In my role as a cultural mediator and diabetes navigator over the last five years, I have recognized the need for simple messaging of abstract concepts for patients from all socio-economic backgrounds in order to be meaningful. There are Western concepts that, as a system, we may take for granted. These include “chronic disease”, “prevention”, and “primary care”. In addition, we have a non-trivial number of illiterate and/or indigenous language speakers that also have low numeracy and a completely different concept of time and scheduled appointments.
The idea behind the “Steering Wheel of Self-Management” is to have a visual tool to be used by providers and patients alike. Providers/ educators can teach patients, patients can teach other patients.
Concept of Self
Perhaps the most basic concept I share with patients is the notion of SELF within the patient-centered care model in a clinical setting. Many of our patients come from countries or health systems that discourage patient participation, questions, or self-empowerment. They come to clinic for a “cure” or “fix” from an educated expert. Once they learn there is no “cure” for a chronic condition like diabetes, they may quickly lose interest or feel that it is not within their rights to express misgivings to a doctor. Hence, I developed the idea of the steering wheel as a central metaphor for illustrating control over one’s chronic disease, instead of being a passive recipient of it.
Prevention: Know how to avoid complications by managing YOUR own personal steering wheel according to YOUR life situations.
Concepts of Journey and Time
For many immigrants and refugees, the concept of a long journey or travel is a familiar one. This implies both distance and time in a way that our patients can more easily connect with.
- Conceptual Message: TIME, something managed over time
- Implicit message: Drive your diabetes so it doesn’t drive you
Chronic = continuous: Recognize that your highway and terrain will change over time. Learn to navigate the curves keeping both hands on the your steering wheel.
Steering Wheel Metaphor
Through trial and error during clinical visits and discussions in the lobby, I developed a series of images relating to the one central metaphor that seemed to easily illustrate chronic disease as a tangible concept. Originally I used a stock clip art wheel (later, we developed this original illustration, below) with three spokes to signify the three basic impacts on blood glucose: medication, food and exercise. The two hands on the steering wheel indicating patient empowerment.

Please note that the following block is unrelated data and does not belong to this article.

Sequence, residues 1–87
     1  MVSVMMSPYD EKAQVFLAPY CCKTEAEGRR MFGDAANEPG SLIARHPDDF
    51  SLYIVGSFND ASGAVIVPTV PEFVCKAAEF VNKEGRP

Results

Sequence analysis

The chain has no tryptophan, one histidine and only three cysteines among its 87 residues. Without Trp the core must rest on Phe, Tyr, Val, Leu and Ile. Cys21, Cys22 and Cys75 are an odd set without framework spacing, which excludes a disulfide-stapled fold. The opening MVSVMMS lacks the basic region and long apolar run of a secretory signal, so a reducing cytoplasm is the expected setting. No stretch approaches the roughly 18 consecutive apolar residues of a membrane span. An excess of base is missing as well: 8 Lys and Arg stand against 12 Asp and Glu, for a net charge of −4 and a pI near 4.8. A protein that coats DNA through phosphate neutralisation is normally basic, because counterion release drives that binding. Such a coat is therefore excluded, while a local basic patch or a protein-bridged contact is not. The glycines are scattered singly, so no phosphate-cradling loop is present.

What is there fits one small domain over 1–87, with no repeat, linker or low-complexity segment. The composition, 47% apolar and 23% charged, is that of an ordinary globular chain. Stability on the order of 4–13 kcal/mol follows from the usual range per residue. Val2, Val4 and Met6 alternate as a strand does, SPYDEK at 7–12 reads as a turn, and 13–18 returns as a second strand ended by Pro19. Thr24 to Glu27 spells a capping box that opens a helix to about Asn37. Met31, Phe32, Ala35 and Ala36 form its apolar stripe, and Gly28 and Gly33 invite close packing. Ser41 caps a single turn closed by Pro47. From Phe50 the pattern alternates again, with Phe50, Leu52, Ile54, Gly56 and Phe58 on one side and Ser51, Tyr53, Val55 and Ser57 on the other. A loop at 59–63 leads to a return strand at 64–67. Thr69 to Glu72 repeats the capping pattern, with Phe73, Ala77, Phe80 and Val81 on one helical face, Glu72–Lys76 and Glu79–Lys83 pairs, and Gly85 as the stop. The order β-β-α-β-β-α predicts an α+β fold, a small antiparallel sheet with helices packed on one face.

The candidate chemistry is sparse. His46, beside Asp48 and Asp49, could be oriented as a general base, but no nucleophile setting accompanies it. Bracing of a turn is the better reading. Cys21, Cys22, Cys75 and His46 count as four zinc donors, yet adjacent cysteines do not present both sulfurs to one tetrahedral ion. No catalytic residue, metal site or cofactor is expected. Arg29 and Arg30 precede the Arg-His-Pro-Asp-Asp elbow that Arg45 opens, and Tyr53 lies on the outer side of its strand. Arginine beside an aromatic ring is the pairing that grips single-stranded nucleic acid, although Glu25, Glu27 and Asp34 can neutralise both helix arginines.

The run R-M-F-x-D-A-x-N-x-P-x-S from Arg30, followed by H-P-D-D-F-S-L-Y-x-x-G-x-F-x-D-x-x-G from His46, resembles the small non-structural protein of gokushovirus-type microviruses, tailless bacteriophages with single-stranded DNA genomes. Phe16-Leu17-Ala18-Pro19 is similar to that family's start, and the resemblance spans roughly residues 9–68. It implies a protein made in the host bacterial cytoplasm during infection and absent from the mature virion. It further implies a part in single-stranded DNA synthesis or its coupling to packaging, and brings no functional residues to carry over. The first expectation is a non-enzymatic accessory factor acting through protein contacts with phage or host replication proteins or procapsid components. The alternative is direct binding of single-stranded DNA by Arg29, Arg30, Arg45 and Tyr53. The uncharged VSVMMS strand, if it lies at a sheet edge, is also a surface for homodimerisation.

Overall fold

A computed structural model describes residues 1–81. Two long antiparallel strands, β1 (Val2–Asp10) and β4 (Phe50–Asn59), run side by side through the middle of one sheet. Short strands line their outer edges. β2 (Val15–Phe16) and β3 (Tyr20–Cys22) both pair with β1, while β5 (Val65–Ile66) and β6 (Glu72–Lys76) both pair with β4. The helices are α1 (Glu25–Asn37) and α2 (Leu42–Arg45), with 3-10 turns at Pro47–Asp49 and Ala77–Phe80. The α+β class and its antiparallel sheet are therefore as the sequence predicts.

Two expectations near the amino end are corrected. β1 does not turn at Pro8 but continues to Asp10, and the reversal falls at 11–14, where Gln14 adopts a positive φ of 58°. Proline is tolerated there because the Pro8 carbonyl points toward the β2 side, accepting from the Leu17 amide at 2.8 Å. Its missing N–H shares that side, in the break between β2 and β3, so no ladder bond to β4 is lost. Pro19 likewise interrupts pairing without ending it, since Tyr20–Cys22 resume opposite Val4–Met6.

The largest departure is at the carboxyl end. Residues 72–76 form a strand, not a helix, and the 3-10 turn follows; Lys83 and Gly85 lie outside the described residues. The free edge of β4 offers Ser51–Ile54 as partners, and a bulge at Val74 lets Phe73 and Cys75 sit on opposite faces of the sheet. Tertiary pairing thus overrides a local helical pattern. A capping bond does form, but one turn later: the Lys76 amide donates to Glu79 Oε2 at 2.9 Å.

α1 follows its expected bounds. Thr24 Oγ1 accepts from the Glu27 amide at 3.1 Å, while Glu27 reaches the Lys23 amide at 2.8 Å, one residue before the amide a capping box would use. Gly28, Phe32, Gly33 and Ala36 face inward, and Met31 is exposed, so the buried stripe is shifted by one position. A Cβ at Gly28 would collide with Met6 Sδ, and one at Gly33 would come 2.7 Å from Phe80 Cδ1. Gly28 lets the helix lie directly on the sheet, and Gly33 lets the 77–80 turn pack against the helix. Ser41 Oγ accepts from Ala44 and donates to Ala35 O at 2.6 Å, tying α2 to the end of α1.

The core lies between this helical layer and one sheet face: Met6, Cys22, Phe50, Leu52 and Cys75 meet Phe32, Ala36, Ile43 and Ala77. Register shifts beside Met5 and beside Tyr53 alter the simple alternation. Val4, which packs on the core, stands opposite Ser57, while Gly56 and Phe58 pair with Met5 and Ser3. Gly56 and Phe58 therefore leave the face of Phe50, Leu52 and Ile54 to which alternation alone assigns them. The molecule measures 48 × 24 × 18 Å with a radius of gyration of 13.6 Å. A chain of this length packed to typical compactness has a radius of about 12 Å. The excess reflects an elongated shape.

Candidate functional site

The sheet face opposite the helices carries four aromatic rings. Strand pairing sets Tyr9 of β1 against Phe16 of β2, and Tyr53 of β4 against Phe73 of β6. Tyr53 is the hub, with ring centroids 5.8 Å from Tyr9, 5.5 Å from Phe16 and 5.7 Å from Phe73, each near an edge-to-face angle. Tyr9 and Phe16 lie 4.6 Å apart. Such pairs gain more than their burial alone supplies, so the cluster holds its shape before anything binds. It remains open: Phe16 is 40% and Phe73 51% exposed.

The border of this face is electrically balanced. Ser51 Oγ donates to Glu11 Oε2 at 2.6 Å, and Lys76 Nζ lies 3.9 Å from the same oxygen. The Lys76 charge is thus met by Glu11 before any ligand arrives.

- Steering Wheel of Self-Management, the tool to keep a handle on things (your health).
- Steering wheel has 3 spokes or points: Exercise, Food, Medicines, all three used in combination,
- to keep on the road and not drive over the edge or off a cliff.
- Emphasizing it is not just one thing.
Then over time I began to deepen the metaphor to include the “highway of life” and its curves and roadblocks encountered that can affect diabetes management.
Highway is your diabetes or your health in general, there are many curves and stops on the highway.
Practical uses of the steering wheel include a version with text and a pictorial-only version for patients with illiteracy or low literacy. The wheel can be printed out and notes written for patients identifying short term goals in the areas of exercise, nutrition and medication management, and for visualizing a care plan. The wheel image can be sent in mailer reminders, as motivator, to patients.
Steering Wheel with Words
Steering Wheel – Pictures only
Patient feedback has been very positive both in clinic and in community health worker settings. Through the teach-back method, patients have demonstrated a strong grasp of the concept of chronic disease, despite education level. Patients have been able to individualize care plans and select small tangible goals to work on for behavior change.
The Steering Wheel of Self-Management operates under the Creative Commons License Attribution-Noncommercial-No Derivative Works 3.0 United States. You are free to copy, distribute, display this work under the following conditions:
- Attribution: You must attribute the work to EthnoMed, and author Rose Cano.
- Noncommercial: You may not use this work for commercial or for-profit purposes
- Alterations: You may not alter, transform, or build upon this work.
For any reuse or distribution, you must make clear to others the license of this work. Any of these conditions can be waived if you get permission from the copyright holder.